Mr. DeWine said this lawsuit does not seek to dismiss the entire measure, but the portions that contradict state law. Ohio’s constitution allows cities to adopt and enforce local regulations if they do not conflict with the state, according to the complaint. Police are empowered to arrest suspects in their municipality found breaking state law, the lawsuit states. “Municipal drug ordinances are police power regulations, and drug statutes duly enacted by the state of Ohio are laws of general application throughout the state,” the suit states.
The lawsuit specifically names a “gag rule” in the ordinance that says city police and the law director may not report for prosecution under state law any marijuana or hashish offense to an authority besides the law director. The prosecution would be left pursuing a misdemeanor case in Toledo Municipal Court under a law claiming to abolish incarceration, fines, and probation. “The city of Toledo is not empowered to establish or amend Ohio felony law. And municipal authorities are not authorized to prosecute felony offenses under state law,” according to the suit.
When asked during the news conference why Mr. DeWine’s office did not intervene prior to the vote, he said that he did not believe “anyone was aware of everything that was in there.”
City officials were not surprised by the lawsuit. Adam Loukx, Toledo law director, said there were concerns about its potential contradictions with state law, but he will defend the voters’ choice. “It’s only appropriate a court would be the one to decide that,” Mr. Loukx said. Mr. Loukx said he recently obtained a copy of the lawsuit and could not yet say what would remain of the law if Mr. Dewine is successful.
Sean Nestor, campaign manager for the Sensible Marihuana initiative that promoted the ballot measure, said the group expected a legal challenge. When they were crafting the ordinance, organizers studied other successful decriminalization measures in Ohio and Michigan, he said. “We used laws that had survived court challenges,” he said.
Mr. Nestor said his group is ready to work with city officials to defend the measure in court. While the case remains pending, Mr. Loukx said a Toledo police officer who finds a resident possessing marijuana could cite the suspect under Ohio Revised Code. The officer also might be permitted to charge under Toledo Municipal Code as well, Mr. Loukx said. “At this point, a lot of it will be in the discretion of the officer,” he said.
Because I am not an expert on local government law, I am going to need to read the full lawsuit filed by Attorney General DeWine [which is available here] before commenting on its merits. But I can say at the outset that I suppose I am pleased to learn that other crimes and legal concerns in the state of Ohio are so low that the AG's office had ample time to focus on what (I would hope) is a relatively low-level concern for state official.
This local article, headlined "Marijuana legislation calls for DUI study," reports on a notable (and I think very valuable) element of California's recent new law concerning medical marijuana. Here are the details and the context:
Recent legislation awaiting Gov. Jerry Brown’s signature not only seeks to implement a statewide regulatory system on the medical marijuana, but also calls for a study on how law enforcement can better detect stoned drivers.
Nestled within one of the bills — Assembly Bill 266 by Assemblyman Rob Bonta (D-Oakland) — is a sentence that calls for the state to commission the UC San Diego’s Center for Medicinal Cannabis Research to develop a study that identifies how cannabis impacts motor skills. The language was written by Assemblyman Tom Lackey (R-Palmdale), a retired California Highway Patrol sergeant of 28 years who said he was motivated to coauthor the bill to give officers another tool to get impaired drivers off the street and to save lives.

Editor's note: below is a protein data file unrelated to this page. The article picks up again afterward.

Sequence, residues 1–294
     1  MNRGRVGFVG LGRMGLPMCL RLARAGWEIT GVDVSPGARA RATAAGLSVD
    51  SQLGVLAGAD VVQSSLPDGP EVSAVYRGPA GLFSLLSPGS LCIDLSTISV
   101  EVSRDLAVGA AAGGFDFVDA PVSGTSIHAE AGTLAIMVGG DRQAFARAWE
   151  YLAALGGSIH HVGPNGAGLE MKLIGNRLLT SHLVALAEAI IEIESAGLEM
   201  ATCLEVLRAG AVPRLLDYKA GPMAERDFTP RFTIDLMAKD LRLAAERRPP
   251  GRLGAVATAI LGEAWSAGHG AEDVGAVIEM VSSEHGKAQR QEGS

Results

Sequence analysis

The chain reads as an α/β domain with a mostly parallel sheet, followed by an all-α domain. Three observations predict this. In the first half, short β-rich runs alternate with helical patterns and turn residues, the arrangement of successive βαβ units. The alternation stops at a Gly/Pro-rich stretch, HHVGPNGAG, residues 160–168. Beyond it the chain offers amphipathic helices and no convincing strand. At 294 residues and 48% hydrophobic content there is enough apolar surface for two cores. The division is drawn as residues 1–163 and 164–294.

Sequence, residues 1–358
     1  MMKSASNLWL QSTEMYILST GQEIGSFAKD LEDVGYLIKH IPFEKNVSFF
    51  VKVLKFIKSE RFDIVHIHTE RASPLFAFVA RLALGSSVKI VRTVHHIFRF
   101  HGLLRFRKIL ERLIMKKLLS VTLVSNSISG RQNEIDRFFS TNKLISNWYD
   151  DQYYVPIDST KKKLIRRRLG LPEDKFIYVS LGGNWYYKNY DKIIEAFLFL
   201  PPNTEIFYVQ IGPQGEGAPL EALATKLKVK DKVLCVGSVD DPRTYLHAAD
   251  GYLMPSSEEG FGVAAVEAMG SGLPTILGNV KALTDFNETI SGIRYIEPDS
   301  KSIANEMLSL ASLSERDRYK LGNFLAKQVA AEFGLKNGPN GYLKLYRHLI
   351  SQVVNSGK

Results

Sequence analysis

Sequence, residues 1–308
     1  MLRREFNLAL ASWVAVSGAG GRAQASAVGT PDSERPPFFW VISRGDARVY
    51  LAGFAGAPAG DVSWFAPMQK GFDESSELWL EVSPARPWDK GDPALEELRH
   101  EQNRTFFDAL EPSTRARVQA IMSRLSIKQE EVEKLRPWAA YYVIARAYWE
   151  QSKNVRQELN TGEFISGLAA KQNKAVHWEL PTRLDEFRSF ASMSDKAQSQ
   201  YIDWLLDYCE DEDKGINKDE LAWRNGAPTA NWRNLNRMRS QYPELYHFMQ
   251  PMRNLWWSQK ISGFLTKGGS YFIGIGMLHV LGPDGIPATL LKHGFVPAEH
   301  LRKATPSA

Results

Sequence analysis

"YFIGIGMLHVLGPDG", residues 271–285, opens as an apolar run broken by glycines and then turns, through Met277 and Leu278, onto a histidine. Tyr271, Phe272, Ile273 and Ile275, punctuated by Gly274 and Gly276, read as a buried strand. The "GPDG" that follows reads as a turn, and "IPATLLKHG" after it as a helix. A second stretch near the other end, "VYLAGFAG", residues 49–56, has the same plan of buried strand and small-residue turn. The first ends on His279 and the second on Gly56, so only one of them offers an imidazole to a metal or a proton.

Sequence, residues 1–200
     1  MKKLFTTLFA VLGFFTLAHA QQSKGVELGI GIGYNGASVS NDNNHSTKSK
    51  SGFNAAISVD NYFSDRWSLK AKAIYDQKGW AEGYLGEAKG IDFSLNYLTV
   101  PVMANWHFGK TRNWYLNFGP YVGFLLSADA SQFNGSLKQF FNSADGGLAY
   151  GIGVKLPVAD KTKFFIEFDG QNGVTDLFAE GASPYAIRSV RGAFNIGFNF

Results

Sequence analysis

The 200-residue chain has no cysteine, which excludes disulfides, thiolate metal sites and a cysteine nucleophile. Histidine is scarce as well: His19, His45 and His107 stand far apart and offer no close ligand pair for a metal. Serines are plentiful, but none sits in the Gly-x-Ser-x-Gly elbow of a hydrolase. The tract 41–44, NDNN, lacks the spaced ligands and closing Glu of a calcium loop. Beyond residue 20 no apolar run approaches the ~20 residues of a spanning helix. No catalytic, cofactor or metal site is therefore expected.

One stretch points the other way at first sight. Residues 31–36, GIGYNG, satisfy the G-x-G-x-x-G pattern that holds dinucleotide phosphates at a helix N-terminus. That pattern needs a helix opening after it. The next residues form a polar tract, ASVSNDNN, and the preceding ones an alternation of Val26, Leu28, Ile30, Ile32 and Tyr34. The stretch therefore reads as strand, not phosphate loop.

“We’ve done a good job of reducing alcohol DUIs,” he said. “With drug impairment we have a long way to go. I believe this is a pioneering effort to allow that to take place.” Lackey — who made his first visit to Humboldt County on Tuesday along with two other bill authors to call on Gov. Brown to sign the bills — said that the study could provide data that he hopes will result in an improved field sobriety test specifically for marijuana impairment.
The three-bill package known as the “Medical Marijuana Regulation and Safety Act” is currently sitting on Gov. Brown’s desk. If signed, the bills would create a licensing and regulatory scheme for all aspects of the medical marijuana industry including cultivation, distribution, transport, dispensary sales, laboratory testing, environmental protections and storage.
Unlike with alcohol, where a legal blood alcohol concentration has been established, local law enforcement officials say they are currently limited in their methods of detecting drivers under the influence of the marijuana’s main psychoactive component, THC, with no set level of impairment and no easy detection method like a Breathalyzer.
“We do not have a cutoff point where we can say we know they are impaired,” Humboldt County District Attorney Maggie Fleming said. “The proof goes back to whether or not their driving showed they were impaired.” When prosecuting someone for driving under the influence of marijuana, Fleming said evidence usually includes patrol car dash cam videos, testimony by drug recognition experts and observations by a law enforcement officer.
Even if such a level were established, a local defense attorney and several studies state that THC processing by the human body is more complicated than alcohol and other drugs. A former president of the DUI Lawyers Association and current member of National College of DUI Defense, Eureka-based attorney Manny Daskal said some studies have shown that drivers actually exhibited safer driving habits and kept more room between themselves and other drivers to compensate for their impairment, though other studies refute the findings. “Right now the research isn’t there for them to accurately predict when impairment occurs or at what level it occurs,” Daskal said.